Any major unpleasant event is bound to leave its mark on a child. The stress a child undergoes and the accompanying symptoms result in a disorder called post traumatic stress disorder or PTSD. The symptoms manifest themselves usually within three months of the trauma and may continue for years. However there is no hard and fast rule and the symptoms may appear any time in life especially if some other event triggers the memories of the first traumatic happening.
The symptoms of PTSD resemble those of stress and depression. If they last for more than a month after the event they may affect a child physically. He may become irritated over small matters and can get angry easily. A smell, or a similar building or scenery may trigger anxiety and nervousness. The child will fail to concentrate on his work or pay attention to what his teacher is saying. When someone calls him he will be startled. His sleep pattern will be disturbed too. He will find it difficult to fall asleep and then will wake often, not getting sound sleep.
The child may suffer on a physiological level, experiencing the event again. He may have nightmares in which he may find himself trapped or helpless. His thoughts may turn repeatedly to the trauma. It may seem to him as if he is reliving the entire event again. If anyone talks about it in his presence, he gets frightened and distressed. His demeanour is edgy and anxious.
Because the child is affected so deeply, he tries to avoid anything concerning the event. He does not like to answer any questions about it and stays away from places and people that remind him of it. At times his mind may go blank or he may not have registered some aspect of the event. He may keep a tight leash on his emotions, not sharing them with others and may feel detached from them. He keeps to himself and does not want to participate in activities which remind him of what he has been through. He may develop a pessimistic view and feel that he may not live long.
Parents have to come forward and help their child climb out of this emotional pit with love and understanding. If necessary seek the help of a qualified therapist. Some ways in which the parents can help are:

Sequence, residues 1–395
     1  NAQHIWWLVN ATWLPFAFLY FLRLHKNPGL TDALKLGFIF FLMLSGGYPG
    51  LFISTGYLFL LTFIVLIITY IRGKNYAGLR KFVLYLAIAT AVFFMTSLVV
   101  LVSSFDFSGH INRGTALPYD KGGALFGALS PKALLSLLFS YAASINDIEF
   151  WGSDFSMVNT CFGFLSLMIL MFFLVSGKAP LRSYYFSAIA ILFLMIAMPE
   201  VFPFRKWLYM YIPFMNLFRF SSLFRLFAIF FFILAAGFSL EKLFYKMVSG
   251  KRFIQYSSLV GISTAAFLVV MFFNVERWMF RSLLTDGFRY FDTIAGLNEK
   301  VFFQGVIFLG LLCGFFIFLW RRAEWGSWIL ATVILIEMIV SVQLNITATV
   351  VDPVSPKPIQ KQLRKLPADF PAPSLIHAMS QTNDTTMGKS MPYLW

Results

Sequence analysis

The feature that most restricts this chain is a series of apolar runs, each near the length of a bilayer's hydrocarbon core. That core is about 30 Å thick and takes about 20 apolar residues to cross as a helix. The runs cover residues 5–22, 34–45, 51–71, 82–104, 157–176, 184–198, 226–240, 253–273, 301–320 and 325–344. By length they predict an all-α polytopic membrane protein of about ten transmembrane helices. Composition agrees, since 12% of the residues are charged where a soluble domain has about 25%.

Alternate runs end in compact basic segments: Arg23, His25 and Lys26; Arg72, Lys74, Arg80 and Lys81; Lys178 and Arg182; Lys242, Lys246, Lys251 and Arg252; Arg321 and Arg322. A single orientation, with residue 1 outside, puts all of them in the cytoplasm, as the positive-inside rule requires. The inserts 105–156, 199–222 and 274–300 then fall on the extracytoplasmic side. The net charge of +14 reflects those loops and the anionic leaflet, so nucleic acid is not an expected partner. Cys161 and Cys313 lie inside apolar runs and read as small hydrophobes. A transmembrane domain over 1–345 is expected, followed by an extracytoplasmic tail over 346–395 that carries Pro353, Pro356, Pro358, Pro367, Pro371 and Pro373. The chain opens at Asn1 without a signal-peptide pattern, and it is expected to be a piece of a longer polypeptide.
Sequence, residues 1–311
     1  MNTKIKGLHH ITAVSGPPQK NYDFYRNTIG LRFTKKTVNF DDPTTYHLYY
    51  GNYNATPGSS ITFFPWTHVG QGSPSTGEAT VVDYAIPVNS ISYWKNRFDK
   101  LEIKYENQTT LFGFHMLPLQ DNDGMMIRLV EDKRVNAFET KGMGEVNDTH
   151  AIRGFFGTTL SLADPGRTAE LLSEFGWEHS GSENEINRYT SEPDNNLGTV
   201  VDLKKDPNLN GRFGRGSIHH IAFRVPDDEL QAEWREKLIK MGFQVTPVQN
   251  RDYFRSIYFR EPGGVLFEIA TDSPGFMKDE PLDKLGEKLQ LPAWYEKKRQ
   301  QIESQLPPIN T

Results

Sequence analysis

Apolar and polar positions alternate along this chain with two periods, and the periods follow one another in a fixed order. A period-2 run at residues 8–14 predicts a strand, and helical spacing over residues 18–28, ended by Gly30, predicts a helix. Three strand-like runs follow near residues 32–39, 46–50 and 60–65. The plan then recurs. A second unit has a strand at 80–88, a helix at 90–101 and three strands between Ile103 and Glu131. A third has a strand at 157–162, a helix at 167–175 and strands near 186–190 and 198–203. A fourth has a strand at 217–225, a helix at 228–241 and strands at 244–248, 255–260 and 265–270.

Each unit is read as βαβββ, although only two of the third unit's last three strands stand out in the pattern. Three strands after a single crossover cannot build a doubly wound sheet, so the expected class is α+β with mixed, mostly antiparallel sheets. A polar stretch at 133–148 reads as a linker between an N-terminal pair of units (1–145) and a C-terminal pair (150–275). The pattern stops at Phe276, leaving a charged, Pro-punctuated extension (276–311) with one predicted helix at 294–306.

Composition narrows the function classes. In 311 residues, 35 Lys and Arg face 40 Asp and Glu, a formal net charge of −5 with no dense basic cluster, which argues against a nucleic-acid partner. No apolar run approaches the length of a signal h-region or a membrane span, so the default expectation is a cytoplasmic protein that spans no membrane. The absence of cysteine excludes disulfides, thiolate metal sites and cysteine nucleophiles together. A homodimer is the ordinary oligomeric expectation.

- A child will take some time to go back to normal after a traumatic event so allow him that space. Keep a watch on him and tell him that you are there near him.
- Do not insist that he should talk about that event. Take your cue from the child and discuss it only when he is ready and willing. Encourage and praise your child for having come through the difficult time.
- Assure your child that he is in no way responsible for what happened. Assuage his feelings of guilt so that he does not blame himself for the mishap.
- Tell the child that whatever he is feeling is a normal reaction and that you support him fully.
- Involve your child in decision making in small things at home. Let him decide what the family should do on the weekend or what you should order at a restaurant. This will build his confidence and he will start to feel important and appreciated.
- Do not belittle or scold a child if he wants to sleep with the lights on or wants someone around him all the time if it makes him feel better.
- If there are support groups for trauma survivors near your home take your child there. He will cope better, learning from and talking to others who have been in the same situation.
- Alert his teacher, baby sitter and relatives that the child has been through a difficult situation so that they are sensitive to his feelings.
- If you think that your child is thinking of suicide, take it seriously and get professional help immediately, no matter what the age of the child is.
- You have to be strong and patient in order to help your child. Support from parents is of paramount importance in trying times.